Monday, August 16, 2010

The wedding

The wedding
An invite to a wedding is also welcome and all the volunteers received a very kind invite from a lovely family. From experience, a great way to see and experience the local culture is to attend a wedding. At least this time I was invited. A wedding I attended in Goa, India several years ago was a gate crash on my behalf but I was generously accepted once I spoke with some people, namely the groom! Being the only foreigner and tallest person in that wedding I was sure I would of mixed in no problems without being noticed
The dress for women is a Sinn and a shirt with a collar with shoulders covered. A Sinn is like a sarong but made from heavier materiel and beautifully made. It wraps around the hips and goes down to the ankles. For the guys long trousers and a shirt with a collar. This is the dress we the volunteers wear into our classes and is traditional Lao attire. My backpack leaving Australia had nothing in it with any style so I have north face zip off trousers for moving between schools in the heat and just wear converse runners, yes very trendy.
We depart the guesthouse on the back of bikes, in Tuk Tuks and descend at the place of the wedding. The family who own the guesthouse we stay were also invited, so we had local knowledge very close to us. We arrive at an open piece of ground with red plastic chairs for all the long plastic tables that was set up, similar to garden furniture. We’re all are advised to line up at the entrance to the open ground that has a large golden arch. Then guided to the entrance and through a large elaborate arch to walk one at a time. There we were greeted by 3 young ladies, one with a large bottle of Lao Lao Whiskey. One with an empty glass and the other greeting us with “Sabaidee” Everyone is greeted all over Laos with “Sabaidee”. So each person that walks through the arch hands an envelope with the equivalent of $6 US then knocks back a shot of what only can be described as devil water! This stuff would strip paint I would bet on it, as we proceed into the ground along a long line that consists of every family member from both parties. We clasp our hands together as if we are about to pray and face each person in the long line with nothing else but – Sabaidee!!!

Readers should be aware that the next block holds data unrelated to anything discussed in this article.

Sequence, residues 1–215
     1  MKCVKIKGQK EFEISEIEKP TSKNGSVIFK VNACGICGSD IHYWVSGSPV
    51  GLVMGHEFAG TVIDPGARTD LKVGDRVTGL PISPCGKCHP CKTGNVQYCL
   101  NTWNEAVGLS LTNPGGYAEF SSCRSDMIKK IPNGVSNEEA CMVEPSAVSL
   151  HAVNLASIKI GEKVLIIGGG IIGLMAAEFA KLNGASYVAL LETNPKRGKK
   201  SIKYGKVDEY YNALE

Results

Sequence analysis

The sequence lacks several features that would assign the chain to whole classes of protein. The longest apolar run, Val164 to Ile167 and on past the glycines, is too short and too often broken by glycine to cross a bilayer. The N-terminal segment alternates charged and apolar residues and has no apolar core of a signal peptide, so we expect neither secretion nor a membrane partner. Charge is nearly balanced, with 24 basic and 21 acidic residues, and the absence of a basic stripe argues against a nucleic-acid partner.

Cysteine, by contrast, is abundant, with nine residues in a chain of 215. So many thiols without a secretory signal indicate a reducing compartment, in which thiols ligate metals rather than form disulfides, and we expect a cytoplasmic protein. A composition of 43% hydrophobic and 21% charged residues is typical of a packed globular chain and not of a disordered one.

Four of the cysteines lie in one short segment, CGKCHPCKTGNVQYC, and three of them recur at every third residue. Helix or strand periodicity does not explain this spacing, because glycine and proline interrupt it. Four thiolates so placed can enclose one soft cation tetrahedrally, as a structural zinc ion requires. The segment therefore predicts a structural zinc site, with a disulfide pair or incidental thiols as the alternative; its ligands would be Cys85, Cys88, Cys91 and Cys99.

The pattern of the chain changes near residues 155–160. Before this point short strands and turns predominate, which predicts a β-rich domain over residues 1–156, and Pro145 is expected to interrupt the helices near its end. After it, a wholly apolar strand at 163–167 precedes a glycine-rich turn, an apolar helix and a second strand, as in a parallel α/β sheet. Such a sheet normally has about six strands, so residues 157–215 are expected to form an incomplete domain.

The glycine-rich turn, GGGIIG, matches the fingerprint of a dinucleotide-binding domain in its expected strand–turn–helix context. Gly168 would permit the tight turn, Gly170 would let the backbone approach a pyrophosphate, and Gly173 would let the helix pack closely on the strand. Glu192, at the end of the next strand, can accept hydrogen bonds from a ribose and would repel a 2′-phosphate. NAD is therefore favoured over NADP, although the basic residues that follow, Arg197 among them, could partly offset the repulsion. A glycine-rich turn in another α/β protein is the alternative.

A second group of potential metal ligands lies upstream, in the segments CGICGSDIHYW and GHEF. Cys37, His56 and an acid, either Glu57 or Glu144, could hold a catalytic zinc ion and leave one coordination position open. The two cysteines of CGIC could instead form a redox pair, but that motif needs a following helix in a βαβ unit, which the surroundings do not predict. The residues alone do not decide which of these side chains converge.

We are shown to a table, which is full of food and beer Lao. Many different bowls containing rice, noodles, pork, chicken, some spicy some not, various soups with a mixture of everything. It’s a tradition here that every person at the table picks up a glass about the size of a half pint glass and a bottle of large Lao beer. This person pours beer into the glass and drinks it. Then they fill up the glass and give it to the next person, who downs it. The pourer keeps filling up the glass and walks around the table until everyone has drank one glass. This ritual happens for everyone at the table. Once the person pouring the beer has completed a round of the table, the next person stands up pours themself a beer lao, drinks it and performs the same ritual of pouring a beer and giving to it to each person around the table. As you can imagine after a few rounds of the table people become quiet tipsy. Now we are ready for our Laos traditional dance lessons. We all grouped into a large circle and moved anti clockwise slowly swinging our hips from side to side and our hands waving around in front of our bodies. Every now and then, we stopped and started turning around 360 degrees with outward feet actions I could not quiet master, but looked OK, or so I thought. As the night went on we drank more and our dancing became quiet sporadic but I’m sure I thought I was the Laos master dancer that night. We made lots of locals laugh and everyone was around us for the evening keen to show us the correct moves. I resigned to the fact I was busting half-cocked Lao, quarter club moves and a quarter just being an idiot!
The night was so good, everyone was a tad tipsy, and we had many laughs and even managed to make back by 11.30. Once again the hospitality of the people here is second to none, we look forward to other invites. Blog by Stephen Howard the not so good Lao dancer....